The researchers believe that insulin and insulin-like growth factor contribute to the growth and proliferation of prostate cancer, and that a diet devoid of carbohydrates lowers serum insulin levels in the bodies of the mice, thereby slowing tumor growth, Freedland said.
Matti Narkia

Novel therapy for cancer? from medicineworld.org - 0 views

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    A ground-breaking Canada-wide clinical trial led by Dr. Katherine Borden, at the Institute for Research in Immunology and Cancer (IRIC) of the Universit de Montral, has shown that a common anti-viral drug, ribavirin, can be beneficial in the treatment of cancer patients. Published in the journal Blood (First Edition), the study demonstrates that ribavirin suppresses the activities of the eIF4E gene in patients. This gene is dysregulated in 30 percent of cancers including breast, prostate, head and neck, colon and stomach cancer.
Matti Narkia

White button mushroom (Agaricus bisporus) exhibits antiproliferative and proapoptotic p... - 0 views

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    White button mushroom (Agaricus bisporus) exhibits antiproliferative and proapoptotic properties and inhibits prostate tumor growth in athymic mice.
    Adams LS, Phung S, Wu X, Ki L, Chen S.
    Nutr Cancer. 2008;60(6):744-56.
    PMID: 19005974
Matti Narkia

Serum Vitamin D and Risk of Prostate Cancer in a Case-Control Analysis Nested Within th... - 0 views

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    Serum Vitamin D and Risk of Prostate Cancer in a Case-Control Analysis Nested Within the European Prospective Investigation into Cancer and Nutrition (EPIC).
    Travis RC, Crowe FL, Allen NE, Appleby PN, Roddam AW, Tjønneland A, Olsen A, Linseisen J, Kaaks R, Boeing H, Kröger J, Trichopoulou A, Dilis V, Trichopoulos D, Vineis P, Palli D, Tumino R, Sieri S, Bueno-de-Mesquita HB, van Duijnhoven FJ, Chirlaque MD, Barricarte A, Larrañaga N, González CA, Argüelles MV, Sánchez MJ, Stattin P, Hallmans G, Khaw KT, Bingham S, Rinaldi S, Slimani N, Jenab M, Riboli E, Key TJ.
    Am J Epidemiol. 2009 Apr 9. [Epub ahead of print]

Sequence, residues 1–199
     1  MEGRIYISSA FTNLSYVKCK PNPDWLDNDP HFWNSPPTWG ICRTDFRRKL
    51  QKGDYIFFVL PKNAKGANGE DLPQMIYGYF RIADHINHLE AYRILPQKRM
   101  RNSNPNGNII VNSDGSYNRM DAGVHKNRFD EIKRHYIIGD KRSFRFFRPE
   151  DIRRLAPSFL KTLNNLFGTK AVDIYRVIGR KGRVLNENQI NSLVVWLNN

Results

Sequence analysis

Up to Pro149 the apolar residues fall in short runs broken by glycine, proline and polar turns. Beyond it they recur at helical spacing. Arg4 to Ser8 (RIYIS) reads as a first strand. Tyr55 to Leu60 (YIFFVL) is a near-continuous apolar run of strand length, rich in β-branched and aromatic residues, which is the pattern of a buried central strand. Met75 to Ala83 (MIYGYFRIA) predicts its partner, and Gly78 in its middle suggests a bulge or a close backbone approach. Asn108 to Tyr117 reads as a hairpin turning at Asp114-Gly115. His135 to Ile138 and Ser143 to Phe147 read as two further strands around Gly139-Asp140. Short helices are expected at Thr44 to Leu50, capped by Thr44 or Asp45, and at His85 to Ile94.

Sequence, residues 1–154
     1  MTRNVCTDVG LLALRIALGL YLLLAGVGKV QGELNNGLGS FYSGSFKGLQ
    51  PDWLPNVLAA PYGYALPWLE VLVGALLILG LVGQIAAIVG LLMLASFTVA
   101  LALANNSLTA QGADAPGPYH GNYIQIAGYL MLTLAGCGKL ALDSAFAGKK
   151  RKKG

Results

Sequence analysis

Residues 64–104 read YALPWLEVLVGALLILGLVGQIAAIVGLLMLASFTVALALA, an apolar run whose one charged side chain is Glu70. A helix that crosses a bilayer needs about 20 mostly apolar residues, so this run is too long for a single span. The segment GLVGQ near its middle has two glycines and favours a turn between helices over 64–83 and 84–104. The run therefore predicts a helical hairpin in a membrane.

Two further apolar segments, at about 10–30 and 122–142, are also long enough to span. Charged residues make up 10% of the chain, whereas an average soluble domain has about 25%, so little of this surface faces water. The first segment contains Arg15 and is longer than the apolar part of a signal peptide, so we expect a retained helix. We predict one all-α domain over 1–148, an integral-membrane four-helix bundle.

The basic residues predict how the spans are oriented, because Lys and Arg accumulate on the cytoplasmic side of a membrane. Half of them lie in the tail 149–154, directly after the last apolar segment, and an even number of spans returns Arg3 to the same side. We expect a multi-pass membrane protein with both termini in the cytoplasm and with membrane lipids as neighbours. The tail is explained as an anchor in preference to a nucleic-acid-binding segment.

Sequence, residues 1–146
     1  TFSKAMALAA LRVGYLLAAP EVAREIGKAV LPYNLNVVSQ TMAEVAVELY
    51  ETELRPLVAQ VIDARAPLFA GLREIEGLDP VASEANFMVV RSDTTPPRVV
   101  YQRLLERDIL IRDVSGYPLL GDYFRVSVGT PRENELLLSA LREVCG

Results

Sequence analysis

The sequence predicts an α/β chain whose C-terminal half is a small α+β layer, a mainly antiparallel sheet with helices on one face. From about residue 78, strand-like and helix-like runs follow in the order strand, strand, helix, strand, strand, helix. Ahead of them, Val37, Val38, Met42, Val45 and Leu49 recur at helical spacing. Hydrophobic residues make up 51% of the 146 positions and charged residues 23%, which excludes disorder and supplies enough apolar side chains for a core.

PMID: 19359375
    doi:10.1093/aje/kwp022
Matti Narkia

White Button Mushroom (Agaricus Bisporus) Exhibits Antiproliferative and Proapoptotic P... - 0 views

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    White button mushroom (Agaricus bisporus) exhibits antiproliferative and proapoptotic properties and inhibits prostate tumor growth in athymic mice.
    Adams LS, Phung S, Wu X, Ki L, Chen S.
    Nutr Cancer. 2008;60(6):744-56.
    PMID: 19005974
    DOI: 10.1080/01635580802192866
Matti Narkia

Vitamin D and Intervention Trials in Prostate Cancer: From Theory to Therapy - 0 views

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    Vitamin D and intervention trials in prostate cancer: from theory to therapy.
    Schwartz GG.
    Ann Epidemiol. 2009 Feb;19(2):96-102. Epub 2008 Jul 10.
    PMID: 18619854
    doi:10.1016/j.annepidem.2008.03.007

    This suggests that whereas vitamin D (e.g., cholecalciferol) might prevent prostate cancer, existing prostate tumors likely would require treatment with 1,25(OH)(2)D and/or its analogs. The major obstacle to the use of 1,25(OH)(2)D in patients therapeutically is the risk of hypercalcemia. Several maneuvers to reduce this risk, including pulse dosing and the use of less calcemic 1,25(OH)(2)D analogs, have been explored in Phase I-III clinical trials. Once merely a promise, vitamin D-based therapies for prostate cancer may soon be medical practice.
Matti Narkia

CYP17 blockade by abiraterone: further evidence for frequent continued hormone-dependen... - 0 views

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    CYP17 blockade by abiraterone: further evidence for frequent continued hormone-dependence in castration-resistant prostate cancer.
    Ang JE, Olmos D, de Bono JS.
    Br J Cancer. 2009 Mar 10;100(5):671-5. Epub 2009 Feb 17.
    PMID: 19223900
    doi:10.1038/sj.bjc.6604904